The last several months have been a rocky road for Reginald White.

The 33-year-old Buffalo man is currently unemployed, but he receives Supplemental Security Income from the Social Security Administration.

He had found work in the past through Labor Ready, a temporary agency. But with his schizophrenia, which he treats with medication, it is difficult to keep a job, he said.

Homeless since May, White was among hundreds of people who attended Project Homeless Connect Buffalo 2012 on Thursday in the Buffalo Niagara Convention Center.

The fourth annual forum was for anyone who is low-income, at-risk of homelessness or currently homeless. It was a way for them to get one-stop help from more than 70 human service agencies offering assistance in finding a job, a place to live and health care, and in fulfilling other needs. Free shuttle buses brought people in from local soup kitchens and shelters for the six-hour forum.

Representatives from local agencies provided a wide range of free help, including bike and wheelchair repair, chiropractic services, dental care and referrals, elder services, emergency shelter, financial literacy services, health screenings, legal services, mental health referrals, substance abuse services, services for people with disabilities, public benefits screenings and more.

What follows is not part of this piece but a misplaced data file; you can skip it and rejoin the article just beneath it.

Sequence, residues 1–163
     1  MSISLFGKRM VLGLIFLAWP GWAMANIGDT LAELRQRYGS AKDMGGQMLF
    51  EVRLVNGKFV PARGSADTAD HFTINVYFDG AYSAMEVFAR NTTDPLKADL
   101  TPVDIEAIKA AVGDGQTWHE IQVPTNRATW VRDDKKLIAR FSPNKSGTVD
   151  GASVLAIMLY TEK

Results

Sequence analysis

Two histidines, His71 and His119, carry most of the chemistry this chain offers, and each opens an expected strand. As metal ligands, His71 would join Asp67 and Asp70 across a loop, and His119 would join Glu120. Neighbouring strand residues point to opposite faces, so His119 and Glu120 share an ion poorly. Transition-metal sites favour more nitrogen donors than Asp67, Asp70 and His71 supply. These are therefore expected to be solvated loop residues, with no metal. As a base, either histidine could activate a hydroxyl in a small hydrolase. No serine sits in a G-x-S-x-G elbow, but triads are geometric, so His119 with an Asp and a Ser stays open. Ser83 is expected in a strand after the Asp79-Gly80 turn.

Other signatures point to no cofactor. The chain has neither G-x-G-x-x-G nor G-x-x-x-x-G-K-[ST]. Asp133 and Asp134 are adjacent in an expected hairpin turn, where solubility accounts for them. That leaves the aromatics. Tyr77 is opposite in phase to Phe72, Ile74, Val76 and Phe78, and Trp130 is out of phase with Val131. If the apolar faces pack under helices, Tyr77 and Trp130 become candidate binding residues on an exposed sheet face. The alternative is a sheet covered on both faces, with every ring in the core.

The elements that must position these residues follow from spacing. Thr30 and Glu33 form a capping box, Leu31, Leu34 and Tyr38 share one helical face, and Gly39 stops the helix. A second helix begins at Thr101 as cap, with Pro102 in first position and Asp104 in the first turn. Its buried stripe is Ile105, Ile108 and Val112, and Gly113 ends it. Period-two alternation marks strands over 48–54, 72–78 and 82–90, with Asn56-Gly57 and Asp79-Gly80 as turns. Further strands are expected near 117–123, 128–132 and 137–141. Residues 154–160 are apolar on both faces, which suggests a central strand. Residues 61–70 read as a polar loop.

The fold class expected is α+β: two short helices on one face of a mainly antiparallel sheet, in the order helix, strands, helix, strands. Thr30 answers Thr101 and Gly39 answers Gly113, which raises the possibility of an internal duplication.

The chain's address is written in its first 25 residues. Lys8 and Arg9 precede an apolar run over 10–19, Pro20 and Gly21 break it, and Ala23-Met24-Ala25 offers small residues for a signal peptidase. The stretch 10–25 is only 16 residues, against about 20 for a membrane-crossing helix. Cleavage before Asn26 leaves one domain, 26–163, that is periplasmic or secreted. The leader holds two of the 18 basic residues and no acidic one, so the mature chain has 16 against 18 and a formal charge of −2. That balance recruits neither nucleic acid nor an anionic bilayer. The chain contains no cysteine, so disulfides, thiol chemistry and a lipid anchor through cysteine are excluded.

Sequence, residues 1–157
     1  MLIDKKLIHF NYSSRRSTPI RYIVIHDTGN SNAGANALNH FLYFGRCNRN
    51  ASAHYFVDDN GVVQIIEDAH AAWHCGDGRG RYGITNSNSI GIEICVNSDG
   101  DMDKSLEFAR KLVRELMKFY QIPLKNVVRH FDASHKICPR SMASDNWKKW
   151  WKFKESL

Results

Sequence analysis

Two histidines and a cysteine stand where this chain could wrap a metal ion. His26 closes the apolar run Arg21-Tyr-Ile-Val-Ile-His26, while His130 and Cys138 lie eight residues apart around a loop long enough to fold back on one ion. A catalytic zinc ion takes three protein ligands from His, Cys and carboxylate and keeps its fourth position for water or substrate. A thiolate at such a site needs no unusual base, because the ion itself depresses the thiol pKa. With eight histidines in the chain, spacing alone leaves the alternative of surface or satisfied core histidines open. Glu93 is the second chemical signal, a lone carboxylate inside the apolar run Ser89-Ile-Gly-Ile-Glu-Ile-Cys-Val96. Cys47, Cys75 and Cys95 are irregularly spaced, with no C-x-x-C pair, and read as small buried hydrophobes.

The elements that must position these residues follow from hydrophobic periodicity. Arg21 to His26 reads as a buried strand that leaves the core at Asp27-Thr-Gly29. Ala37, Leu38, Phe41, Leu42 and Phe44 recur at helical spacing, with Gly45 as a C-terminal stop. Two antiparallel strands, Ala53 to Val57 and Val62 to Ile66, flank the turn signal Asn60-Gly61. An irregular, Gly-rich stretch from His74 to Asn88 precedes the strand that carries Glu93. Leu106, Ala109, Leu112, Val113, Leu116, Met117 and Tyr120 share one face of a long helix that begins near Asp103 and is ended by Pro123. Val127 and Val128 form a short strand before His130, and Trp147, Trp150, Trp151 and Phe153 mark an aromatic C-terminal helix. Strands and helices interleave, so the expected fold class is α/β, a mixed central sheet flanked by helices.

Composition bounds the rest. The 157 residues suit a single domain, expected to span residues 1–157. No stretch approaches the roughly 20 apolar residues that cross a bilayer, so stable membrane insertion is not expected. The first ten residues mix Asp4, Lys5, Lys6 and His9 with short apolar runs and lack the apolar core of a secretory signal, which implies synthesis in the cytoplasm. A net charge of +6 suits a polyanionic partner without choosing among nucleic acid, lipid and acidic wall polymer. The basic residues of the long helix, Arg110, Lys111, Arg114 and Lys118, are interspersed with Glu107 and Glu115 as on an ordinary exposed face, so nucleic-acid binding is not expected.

While in the Convention Center, White got a haircut and an HIV/AIDS test and was on his way to the City Missions table to see if the organization had any beds available.

“All I can do is ask,” he said.

The conference also focused on “at-risk” people like Tom Chrosniak, who came to try to get help with avoiding foreclosure on his Buffalo home.

Chrosniak last worked in 2010 as an operations manager at the Miller Tennis Center in Amherst.

He had been there for three years when an accident away from the job left him disabled with a shattered spine, he said.